I think that almost all of them are poisonous in a way...ha ha "nor hallucinogenic, very pretty "...
    ...but I understand that, I have a tarantula Brachypelma Smithi (my favorite pet)!
    I like very much "Liberty Cap" photo!
    Have a great weekend and best regards!

  5. Great shots of Fungi Adrian. It was a very productive walk by the look of it.

  6. Great set of interesting photos. I'll have to take your word for the identifications.

    I've made wine with rose hip syrup in the past - very nice it was too when left for a few years to mature.

    I bet you also had two wet and muddy hairy hounds as well ;)

  7. Cracking shots of the mushrooms Adrian. Well worth getting wet for. I'm no good at their ID, despite an expensive book.
    It looks impressive on the shelf though ;)

  8. We really shouldn't laugh. We should be thanking you for your commitment to our entertainment. You really did get down and dirty, disn't you?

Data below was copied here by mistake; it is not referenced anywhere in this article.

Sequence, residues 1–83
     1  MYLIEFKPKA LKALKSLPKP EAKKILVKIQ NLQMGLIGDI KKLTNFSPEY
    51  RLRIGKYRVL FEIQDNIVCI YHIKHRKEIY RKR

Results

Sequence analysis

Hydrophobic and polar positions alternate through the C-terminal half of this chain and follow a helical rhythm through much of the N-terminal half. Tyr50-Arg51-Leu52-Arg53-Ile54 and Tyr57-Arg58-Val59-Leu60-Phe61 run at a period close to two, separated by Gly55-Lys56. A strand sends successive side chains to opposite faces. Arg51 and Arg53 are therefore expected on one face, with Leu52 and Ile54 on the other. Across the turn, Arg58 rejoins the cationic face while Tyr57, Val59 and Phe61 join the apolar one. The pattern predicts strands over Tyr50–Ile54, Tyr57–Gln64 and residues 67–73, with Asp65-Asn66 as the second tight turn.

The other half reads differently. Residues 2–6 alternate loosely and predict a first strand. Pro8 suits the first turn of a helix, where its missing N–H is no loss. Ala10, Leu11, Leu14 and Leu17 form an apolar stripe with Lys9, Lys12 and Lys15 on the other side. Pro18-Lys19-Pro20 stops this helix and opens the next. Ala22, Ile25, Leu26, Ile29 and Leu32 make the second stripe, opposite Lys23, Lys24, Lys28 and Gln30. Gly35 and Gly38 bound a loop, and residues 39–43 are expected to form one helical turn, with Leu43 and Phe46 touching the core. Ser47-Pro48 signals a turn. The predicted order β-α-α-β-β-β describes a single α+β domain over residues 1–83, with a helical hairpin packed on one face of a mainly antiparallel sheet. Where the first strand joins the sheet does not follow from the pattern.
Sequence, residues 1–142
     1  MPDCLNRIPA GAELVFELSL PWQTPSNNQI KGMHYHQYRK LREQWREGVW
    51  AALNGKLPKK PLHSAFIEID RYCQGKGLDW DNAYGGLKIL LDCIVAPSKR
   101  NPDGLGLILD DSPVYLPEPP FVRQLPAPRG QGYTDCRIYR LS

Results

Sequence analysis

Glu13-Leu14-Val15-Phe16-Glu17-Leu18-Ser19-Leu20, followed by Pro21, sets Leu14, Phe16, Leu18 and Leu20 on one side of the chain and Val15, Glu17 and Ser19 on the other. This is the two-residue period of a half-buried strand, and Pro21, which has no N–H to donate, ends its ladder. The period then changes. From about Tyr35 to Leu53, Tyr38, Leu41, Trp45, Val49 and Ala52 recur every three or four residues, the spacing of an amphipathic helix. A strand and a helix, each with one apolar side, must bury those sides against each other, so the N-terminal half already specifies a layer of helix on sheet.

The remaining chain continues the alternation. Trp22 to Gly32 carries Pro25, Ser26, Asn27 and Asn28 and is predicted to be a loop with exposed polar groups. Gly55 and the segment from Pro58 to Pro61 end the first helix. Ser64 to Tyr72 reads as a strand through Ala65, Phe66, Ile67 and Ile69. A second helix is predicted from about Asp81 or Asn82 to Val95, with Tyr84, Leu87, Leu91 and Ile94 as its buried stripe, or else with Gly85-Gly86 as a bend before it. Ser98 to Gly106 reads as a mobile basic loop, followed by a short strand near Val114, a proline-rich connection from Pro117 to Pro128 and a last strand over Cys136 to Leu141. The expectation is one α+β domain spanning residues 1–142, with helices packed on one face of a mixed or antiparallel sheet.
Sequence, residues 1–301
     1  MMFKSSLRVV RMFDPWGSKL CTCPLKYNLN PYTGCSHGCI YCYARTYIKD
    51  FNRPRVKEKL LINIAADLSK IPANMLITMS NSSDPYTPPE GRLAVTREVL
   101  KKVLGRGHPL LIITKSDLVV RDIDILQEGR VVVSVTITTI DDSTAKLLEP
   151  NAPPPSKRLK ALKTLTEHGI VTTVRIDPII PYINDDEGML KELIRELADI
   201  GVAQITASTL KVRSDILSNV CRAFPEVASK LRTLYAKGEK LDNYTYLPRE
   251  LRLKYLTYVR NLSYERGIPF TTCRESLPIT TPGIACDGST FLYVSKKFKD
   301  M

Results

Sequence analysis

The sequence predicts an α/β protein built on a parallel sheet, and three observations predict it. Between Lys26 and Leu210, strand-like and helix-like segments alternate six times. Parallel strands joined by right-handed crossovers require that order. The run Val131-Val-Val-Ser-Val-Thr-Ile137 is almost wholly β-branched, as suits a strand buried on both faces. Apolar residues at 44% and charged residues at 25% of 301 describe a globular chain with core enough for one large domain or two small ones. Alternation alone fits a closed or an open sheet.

I love the little forest!

  9. Wind, desperation, I had to photograph something.

    Trevor, pastures of plenty!

    John, They are beautiful, I've tasted it and the syrup is nothing like the hip.

    Keith, cheers very difficult things to put a name to I agree.

    Pauline, I'm afraid so.

  10. Lol Adrian, at the wet bin bag and muddy clothes! I went out for a lovely walk yesterday, encountered many fungi and wondered how to photograph them at their own level - now I know.... must remember to take a bin bag with me next time, and to remember which is the wet side. :O)

    The photographs are beautiful and the fungi look exquisite amongst the moss. I love the little 'forest'. Thank you for recommending the Collins guides - I must get myself some of those.

  11. Lesley, they are exquisite, so small and delicate. The Collins Guides are good value, available widely at around the £3/£4 mark cover price is around £10.00p but I've never seen them for sale at that.